Which means being responsible for institutions. So part of the process is recognizing that being anti-institutional is in large part being naive about what communities need to thrive -- indeed, what a community is. Many of these “spiritual but not religious,” because they have been so isolated, don’t have a communal sense of the change that they seek. I also think it helps to give them models, in the administration and in the faculty, of institutional leadership that they respect. And that’s no small thing.
Q: To be a good institutional leader yourself.
Yes, yes. The institutional leadership does not have to fall in 10 steps behind where the people are going. In fact, it can walk abreast with them.
Q: Is some of that tension inherent in Union itself, as the flagship progressive, liberal seminary?
With that much diversity at Union, it’s understandable that the tensions that that can produce could be, you know -- the centrifugal forces could pull it apart. But it’s not. It’s a miracle; it’s not. In being the flagship progressive school, it has in its own history deep wounds of divides between faculty members, between causes, between varying levels of “political correctness.” In that environment, you learn to cut your teeth on what you oppose, and you spend far less time figuring out what it is you love, what it is you want to bring about in the world and what you seek.
In the near past, we’ve been focusing a lot of the curriculum, as well as mentoring the student body leadership and working with the faculty, around love and around what it means to have real diversity that’s not divisive and judgmental. You’re starting to see that happen, and it’s quite exciting. The student body this year chose “Love in Action” as their theme. Learning to love deeply, not just to critique passionately, is the challenge for an institution like Union.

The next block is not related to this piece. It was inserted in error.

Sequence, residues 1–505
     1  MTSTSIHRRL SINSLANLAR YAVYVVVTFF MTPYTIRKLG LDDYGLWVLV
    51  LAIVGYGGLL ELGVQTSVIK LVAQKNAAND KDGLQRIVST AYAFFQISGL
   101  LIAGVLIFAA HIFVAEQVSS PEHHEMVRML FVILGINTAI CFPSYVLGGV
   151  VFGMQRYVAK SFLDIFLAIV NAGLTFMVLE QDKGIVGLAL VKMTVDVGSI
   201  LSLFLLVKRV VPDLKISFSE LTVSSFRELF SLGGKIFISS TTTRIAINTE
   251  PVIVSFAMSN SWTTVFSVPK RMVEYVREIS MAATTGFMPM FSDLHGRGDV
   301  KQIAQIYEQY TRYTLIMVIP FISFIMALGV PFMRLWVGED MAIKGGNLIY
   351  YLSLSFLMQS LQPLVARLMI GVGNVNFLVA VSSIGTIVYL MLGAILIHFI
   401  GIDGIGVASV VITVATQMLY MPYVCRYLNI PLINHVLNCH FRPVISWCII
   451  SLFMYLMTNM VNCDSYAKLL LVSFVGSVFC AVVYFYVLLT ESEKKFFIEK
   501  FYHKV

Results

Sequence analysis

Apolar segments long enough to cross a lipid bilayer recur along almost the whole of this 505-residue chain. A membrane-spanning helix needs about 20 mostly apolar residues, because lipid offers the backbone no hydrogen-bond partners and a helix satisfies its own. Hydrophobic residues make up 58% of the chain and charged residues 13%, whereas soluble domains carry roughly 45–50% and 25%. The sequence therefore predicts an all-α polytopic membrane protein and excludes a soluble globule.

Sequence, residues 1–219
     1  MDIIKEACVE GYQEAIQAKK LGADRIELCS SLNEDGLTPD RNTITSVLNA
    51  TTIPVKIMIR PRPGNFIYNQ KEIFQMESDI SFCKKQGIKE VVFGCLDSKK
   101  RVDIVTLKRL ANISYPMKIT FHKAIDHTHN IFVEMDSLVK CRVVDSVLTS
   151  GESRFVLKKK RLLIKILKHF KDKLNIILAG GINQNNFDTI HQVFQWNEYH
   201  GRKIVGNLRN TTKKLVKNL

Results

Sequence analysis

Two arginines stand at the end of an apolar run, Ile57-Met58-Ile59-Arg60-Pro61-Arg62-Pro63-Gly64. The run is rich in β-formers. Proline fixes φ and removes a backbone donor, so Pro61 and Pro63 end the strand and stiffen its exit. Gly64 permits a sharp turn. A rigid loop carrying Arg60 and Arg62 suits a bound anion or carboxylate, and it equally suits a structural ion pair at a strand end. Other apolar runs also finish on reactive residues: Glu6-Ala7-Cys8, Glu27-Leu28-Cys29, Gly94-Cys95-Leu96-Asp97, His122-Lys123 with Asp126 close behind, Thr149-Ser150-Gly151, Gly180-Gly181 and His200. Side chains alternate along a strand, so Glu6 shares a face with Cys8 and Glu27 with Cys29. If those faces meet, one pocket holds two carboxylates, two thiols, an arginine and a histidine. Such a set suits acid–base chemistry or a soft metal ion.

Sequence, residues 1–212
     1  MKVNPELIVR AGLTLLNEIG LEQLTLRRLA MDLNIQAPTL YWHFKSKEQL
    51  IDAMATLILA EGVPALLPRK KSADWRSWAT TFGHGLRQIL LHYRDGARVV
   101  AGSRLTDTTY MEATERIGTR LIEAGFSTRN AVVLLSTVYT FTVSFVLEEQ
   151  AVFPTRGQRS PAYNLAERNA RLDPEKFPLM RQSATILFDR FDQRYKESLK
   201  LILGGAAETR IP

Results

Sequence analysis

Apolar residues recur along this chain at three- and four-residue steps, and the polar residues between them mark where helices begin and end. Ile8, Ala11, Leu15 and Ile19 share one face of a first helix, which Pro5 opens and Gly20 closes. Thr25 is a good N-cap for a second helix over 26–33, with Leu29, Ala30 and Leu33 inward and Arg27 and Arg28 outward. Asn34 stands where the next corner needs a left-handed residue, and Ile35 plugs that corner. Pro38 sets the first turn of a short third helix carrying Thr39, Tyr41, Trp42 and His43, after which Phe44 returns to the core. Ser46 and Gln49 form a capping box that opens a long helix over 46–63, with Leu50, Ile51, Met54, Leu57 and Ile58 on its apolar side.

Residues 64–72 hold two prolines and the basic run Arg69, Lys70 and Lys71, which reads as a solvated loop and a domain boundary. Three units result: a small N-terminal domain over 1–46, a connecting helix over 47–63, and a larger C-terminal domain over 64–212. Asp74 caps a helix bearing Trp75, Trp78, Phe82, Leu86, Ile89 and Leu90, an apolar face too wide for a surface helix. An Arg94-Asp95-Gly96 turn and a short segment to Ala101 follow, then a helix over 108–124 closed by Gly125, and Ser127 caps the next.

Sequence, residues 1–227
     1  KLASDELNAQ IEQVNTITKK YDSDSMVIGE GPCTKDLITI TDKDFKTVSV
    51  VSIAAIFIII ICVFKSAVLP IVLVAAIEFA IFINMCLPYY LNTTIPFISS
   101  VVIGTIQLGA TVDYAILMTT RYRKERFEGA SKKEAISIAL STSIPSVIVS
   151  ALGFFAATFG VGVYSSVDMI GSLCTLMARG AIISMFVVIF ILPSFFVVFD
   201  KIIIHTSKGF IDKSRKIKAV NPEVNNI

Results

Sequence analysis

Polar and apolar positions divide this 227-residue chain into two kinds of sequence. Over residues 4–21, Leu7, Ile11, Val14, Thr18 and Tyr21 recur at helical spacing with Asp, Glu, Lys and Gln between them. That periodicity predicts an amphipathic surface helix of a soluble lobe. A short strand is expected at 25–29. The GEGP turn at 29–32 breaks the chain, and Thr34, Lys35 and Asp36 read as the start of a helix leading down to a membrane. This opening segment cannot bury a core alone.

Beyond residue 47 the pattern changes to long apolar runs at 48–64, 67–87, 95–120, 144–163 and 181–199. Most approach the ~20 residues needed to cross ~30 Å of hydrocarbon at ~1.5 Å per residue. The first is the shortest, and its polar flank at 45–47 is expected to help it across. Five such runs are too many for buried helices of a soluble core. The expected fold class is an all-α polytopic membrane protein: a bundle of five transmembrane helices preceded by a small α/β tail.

Q: What has been your biggest surprise in that leadership role? Positive or negative.
Until I became a president and hence a leader, as a faculty member I never had the experience of building a team of people that you work with closely. That leadership happens because of that really deep partnership. As an academic, you sit alone in your office and write your book. You sit alone in your office and do your course prep. You meet with students one-on-one, and you don’t have to think about the challenge of moving whole communities of people forward in practical ways. So I love working with a team. How do I say this? Becoming a president has made me much less interested in my own leadership and more interested in a team. It’s fascinating. I didn’t anticipate that.
Q: You’ve been a single mother during this period. How do you manage work/life balance?